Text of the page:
By Hilaire Avril
PARIS, Apr 13 , 2010 (IPS) – A year after the purchases of vast swathes of farm land in Africa first drew public attention, transactions remain as opaque as ever.
Private companies are resisting a global code of conduct that would ensure transparency and local elites continue to benefit from deals that encourage corruption and increase food insecurity.
The hunger riots witnessed in parts of the developing world in the past two years were the most visible and direct effect of sky-rocketing food prices. Simultaneously, international investors started purchasing agricultural land in some of the most fertile regions of the world, particularly Africa. Continue reading Land Grabs Continue as Elites Resist Regulation
Independent Catholic News
|‘Bombed Mary’ – statue salvaged from ruins of Nagasaki Cathedral
The Catholic Church in Japan has submitted a petition of 16,000 signatures to the prime minister calling for immediate strict limitations and an eventual ban on nuclear arms. They also plan to display a statue of the Virgin Mary which survived the atomic bomb on Nagasaki.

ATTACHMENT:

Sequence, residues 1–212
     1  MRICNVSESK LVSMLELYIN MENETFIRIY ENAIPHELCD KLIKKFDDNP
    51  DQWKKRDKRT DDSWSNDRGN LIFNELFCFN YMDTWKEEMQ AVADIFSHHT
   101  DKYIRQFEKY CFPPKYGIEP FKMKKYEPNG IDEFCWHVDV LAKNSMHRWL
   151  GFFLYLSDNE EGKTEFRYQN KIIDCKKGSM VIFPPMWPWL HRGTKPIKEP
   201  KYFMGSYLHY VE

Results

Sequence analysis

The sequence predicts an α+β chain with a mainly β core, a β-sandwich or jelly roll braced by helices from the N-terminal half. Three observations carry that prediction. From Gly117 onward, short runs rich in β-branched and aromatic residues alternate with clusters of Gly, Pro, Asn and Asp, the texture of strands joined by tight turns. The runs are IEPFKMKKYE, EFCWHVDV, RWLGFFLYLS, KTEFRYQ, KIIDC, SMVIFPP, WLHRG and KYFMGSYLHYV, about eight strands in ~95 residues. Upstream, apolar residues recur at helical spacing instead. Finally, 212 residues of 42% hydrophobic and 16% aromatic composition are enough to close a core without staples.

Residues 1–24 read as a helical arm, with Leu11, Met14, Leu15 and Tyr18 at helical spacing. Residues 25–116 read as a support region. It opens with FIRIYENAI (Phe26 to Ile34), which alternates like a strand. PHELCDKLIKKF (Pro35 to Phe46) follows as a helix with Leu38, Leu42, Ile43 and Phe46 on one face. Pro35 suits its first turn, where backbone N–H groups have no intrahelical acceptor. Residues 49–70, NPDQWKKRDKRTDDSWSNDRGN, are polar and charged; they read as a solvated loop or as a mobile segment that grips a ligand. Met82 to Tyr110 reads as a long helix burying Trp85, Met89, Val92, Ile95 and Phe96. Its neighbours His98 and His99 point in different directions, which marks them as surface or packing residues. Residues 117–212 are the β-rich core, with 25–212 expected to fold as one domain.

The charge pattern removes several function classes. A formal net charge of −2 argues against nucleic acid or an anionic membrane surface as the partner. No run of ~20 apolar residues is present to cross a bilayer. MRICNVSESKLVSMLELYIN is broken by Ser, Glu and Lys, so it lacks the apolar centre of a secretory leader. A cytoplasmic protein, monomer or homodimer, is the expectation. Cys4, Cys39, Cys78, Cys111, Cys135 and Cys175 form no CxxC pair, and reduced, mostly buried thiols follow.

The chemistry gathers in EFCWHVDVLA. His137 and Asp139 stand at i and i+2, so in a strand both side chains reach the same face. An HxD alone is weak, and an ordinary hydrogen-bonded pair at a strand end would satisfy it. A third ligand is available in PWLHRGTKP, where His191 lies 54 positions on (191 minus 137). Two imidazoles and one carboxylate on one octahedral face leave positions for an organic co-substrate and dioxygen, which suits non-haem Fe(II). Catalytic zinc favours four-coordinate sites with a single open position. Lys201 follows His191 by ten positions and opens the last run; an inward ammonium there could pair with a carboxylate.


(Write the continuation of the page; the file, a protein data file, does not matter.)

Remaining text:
Archbishop Joseph Mitsuaki Takami of Nagasaki and Auxiliary Bishop Michael Goro Matsuura of Osaka led a delegation to personally present the petition, appealing for governments to “strive proactively for the abolition of nuclear weapons,” to deputy chief cabinet secretary Yorihisa Matsuno on April 19. Continue reading Japan: ‘Bombed Mary’ statue brings home anti-nuclear message
Globe and Mail
Protesters take to the streets after U.S. troops open fire on passenger bus outside Kandahar city, killing four civilians
|Afghan police and onlookers gather around the bus that U.S. forces opened fire on in Kandahar city on Mon., April 12. Four civilians were killed in the incident. Ahmad Nadeem/Reuters
U.S. troops fired on a crowded passenger bus on the outskirts of Kandahar city, killing four civilians and injuring 18 others, stoking anti-American protests that promised to complicate a massive offensive against Taliban insurgents this summer.
Although the military command issued an apology, saying it “deeply regrets the tragic loss of life,” Monday’s incident cast fresh doubts on Operation Omid, billed as the pivotal offensive of the war, which will see tens of thousands of NATO troops attempt to seize control of Kandahar. Continue reading Anti-American anger grows in Afghanistan